“Esports fans value an authentic experience and will not react well if large companies simply bombard the community with logos and placement.

“Instead, brands need to consider how they can enhance the esports experience, not detract from it. The most successful brands, such as Redbull, Gillette and Mercedes-Benz, have taken a targeted approach, focusing on specific games and their particular audiences, as opposed to an umbrella marketing campaign that would alienate players and viewers alike.”

Esports Experts Plan and Execute

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Esports Production Summit: How Experts Plan and Execute During Current Venue Boom

Esports – focused venues are popping up across North America, and, with the Overwatch League and Call of Duty League set to start home and away games next year, the esports industry appears on the verge of a massive building boom. Esports venues must be extremely flexible since competitions run the gamut in terms of size and style. In addition, esports attendees expect a fully immersive experience beyond just on-stage competition.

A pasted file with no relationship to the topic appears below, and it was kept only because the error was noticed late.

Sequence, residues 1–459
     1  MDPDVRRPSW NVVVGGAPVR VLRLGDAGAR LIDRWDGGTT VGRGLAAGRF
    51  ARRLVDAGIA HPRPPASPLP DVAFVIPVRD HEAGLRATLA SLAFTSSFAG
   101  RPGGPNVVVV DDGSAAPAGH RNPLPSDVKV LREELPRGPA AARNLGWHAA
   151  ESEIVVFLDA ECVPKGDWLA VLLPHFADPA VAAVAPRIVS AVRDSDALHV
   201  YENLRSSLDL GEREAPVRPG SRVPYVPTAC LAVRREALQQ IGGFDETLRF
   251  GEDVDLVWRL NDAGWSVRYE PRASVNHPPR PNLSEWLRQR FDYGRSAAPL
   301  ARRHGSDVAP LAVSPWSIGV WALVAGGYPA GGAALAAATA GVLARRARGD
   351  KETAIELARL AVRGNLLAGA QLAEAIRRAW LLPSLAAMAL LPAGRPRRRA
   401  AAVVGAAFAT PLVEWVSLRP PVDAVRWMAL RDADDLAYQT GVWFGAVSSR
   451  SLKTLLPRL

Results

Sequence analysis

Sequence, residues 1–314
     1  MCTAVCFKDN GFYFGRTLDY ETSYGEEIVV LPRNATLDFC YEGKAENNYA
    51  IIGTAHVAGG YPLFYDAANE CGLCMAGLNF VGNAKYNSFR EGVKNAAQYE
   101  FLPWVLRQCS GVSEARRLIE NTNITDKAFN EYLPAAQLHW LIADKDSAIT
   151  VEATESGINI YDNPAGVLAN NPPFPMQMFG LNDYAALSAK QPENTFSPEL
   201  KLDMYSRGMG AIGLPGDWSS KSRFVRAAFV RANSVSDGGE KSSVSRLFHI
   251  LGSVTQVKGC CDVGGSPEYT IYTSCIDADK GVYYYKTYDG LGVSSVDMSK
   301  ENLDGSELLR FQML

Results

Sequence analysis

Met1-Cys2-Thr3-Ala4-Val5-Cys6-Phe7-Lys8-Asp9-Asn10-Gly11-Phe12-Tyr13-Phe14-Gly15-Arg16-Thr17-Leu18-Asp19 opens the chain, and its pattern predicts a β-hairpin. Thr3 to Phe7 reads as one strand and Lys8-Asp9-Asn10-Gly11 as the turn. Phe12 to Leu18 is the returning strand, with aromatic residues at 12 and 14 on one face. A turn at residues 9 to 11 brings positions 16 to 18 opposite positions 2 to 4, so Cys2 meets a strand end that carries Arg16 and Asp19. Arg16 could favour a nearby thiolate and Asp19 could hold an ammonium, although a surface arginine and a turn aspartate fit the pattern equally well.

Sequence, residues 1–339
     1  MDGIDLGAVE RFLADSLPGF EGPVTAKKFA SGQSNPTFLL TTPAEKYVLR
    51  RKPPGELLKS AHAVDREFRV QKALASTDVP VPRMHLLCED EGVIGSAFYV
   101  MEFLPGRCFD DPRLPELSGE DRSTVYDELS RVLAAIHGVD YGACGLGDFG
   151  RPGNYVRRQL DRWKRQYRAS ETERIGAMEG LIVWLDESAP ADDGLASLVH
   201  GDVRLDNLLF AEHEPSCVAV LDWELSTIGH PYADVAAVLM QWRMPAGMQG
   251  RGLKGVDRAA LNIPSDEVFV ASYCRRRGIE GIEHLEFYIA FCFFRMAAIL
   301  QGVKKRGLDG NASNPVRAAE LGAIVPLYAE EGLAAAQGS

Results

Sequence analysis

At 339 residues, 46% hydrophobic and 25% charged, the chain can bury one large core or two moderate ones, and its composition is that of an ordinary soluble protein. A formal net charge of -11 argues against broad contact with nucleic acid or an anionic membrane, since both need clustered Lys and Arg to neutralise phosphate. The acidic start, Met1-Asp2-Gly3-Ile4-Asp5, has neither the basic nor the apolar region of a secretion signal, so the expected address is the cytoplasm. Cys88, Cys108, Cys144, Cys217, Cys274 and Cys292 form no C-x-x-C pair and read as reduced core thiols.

At last month’s SVG Esports Production Summit, esports-venue experts addressed best practices in designing and operating a venue, as well as what they expect in this rapidly growing sector.

Moderated by SVG Associate Editor Kristian Hernandez, the panel included:

  • Kristin Connelly, senior director, marketing, Overwatch League
  • Corey Dunn, VP of broadcast, Esports Stadium Arlington/president, Esports Locker
  • Jud Hannigan, co-founder and CEO, Allied Esports International
  • Bob Jordan CVE, CEO, 1337 Facilities/founder, Venue Road
  • Brian Mirakian, senior principal and director, brand activation, Populous

Top 5 Esports Moments

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Top 5 Esports moments of the last decade